The Caning of Charles Sumner
Stephen Puleo talked about the background and aftermath of pro-slavery Representative Preston Brooks' assault on abolitionist Senator… read more
Stephen Puleo talked about the background and aftermath of pro-slavery Representative Preston Brooks' assault on abolitionist Senator Charles Sumner on the Senate Floor. On May 22, 1856, pro-slavery Congressman Preston Brooks (D-SC) strode into the U.S. Senate Chamber and beat anti-slavery Senator Charles Sumner (R-MA) repeatedly with a gold-topped walking cane, leaving him unconscious and covered in blood. He could not return to the Senate for three years. Representative Brooks' attack was in retaliation for a speech Senator Sumner delivered 48 hours earlier, in which he vilified slave owners, and Brooks' cousin, Senator Andrew Butler, in particular.
The discussion of Mr. Puleo’s book, The Caning: The Assault that Drove America to Civil War, was part of the Paul Revere Memorial Association Lecture Series “A War of Divisions: The Impact and Aftermath of the American Civil War” presented in cooperation with the Old South Meeting House, where the lectures took place. close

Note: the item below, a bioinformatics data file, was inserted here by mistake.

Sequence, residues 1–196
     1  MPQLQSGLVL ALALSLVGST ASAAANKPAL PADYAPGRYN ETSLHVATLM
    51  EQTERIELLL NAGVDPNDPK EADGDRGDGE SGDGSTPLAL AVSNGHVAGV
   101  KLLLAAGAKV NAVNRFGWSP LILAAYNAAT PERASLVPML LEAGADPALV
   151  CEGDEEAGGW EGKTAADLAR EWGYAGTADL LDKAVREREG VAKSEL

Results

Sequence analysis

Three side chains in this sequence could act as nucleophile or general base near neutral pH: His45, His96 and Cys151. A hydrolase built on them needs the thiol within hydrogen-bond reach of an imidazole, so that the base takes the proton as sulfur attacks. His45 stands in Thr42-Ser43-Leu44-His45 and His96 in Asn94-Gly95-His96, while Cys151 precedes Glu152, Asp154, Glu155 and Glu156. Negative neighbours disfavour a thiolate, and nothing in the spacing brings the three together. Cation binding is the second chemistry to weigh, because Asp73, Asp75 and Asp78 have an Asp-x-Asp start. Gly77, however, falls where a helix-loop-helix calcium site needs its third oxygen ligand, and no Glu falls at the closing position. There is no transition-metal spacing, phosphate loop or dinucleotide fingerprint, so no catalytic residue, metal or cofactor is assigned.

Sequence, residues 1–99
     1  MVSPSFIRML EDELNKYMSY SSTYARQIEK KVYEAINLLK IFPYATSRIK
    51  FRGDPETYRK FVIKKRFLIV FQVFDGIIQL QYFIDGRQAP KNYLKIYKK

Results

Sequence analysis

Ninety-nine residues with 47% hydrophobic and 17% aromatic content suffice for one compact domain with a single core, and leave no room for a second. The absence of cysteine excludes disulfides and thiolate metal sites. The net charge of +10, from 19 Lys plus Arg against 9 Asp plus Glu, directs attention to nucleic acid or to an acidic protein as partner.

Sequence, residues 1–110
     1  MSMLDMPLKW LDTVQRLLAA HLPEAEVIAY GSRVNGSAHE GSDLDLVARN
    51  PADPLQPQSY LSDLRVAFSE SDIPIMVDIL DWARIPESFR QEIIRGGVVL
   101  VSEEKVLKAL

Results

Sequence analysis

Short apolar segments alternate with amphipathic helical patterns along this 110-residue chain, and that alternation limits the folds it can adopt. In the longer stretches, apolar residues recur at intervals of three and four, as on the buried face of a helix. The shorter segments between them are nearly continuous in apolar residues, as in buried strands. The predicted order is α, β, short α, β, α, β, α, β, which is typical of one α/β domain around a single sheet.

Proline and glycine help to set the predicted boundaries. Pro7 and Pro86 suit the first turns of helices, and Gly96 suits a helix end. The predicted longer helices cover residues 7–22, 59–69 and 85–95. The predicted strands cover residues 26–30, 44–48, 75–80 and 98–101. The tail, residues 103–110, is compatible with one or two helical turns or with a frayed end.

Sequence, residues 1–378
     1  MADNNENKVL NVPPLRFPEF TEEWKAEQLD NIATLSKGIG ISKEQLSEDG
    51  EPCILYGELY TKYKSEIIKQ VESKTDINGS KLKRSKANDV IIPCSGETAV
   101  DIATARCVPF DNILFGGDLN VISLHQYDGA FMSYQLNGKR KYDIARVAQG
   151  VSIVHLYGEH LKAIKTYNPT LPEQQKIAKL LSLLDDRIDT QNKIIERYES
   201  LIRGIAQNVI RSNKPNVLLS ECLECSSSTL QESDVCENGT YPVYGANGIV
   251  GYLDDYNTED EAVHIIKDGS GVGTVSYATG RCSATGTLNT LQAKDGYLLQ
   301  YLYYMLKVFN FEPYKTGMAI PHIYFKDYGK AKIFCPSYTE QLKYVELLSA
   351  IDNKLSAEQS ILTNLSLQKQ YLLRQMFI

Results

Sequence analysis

*The transcript for this program was compiled from uncorrected Closed Captioning.
People in this video
54th Massachusetts and Boston's Black Community
Beverly Morgan-Welch, Executive Director of the Museum of African American History, talked about the role and…
Congress and the End of Slavery
Virginia Tech history professor Peter Wallensetin talked about the reconvening of Congress following the Civil War and…
Citizenship in the Civil War Era
Christian Samito, author of Becoming American Under Fire: Irish Americans, African Americans, and the Politics of…
Jeff Shaara on The Killer Angels
Jeff Shaara talked about his father Michael Shaara’s novel, The Killer Angels, written from the perspectives of…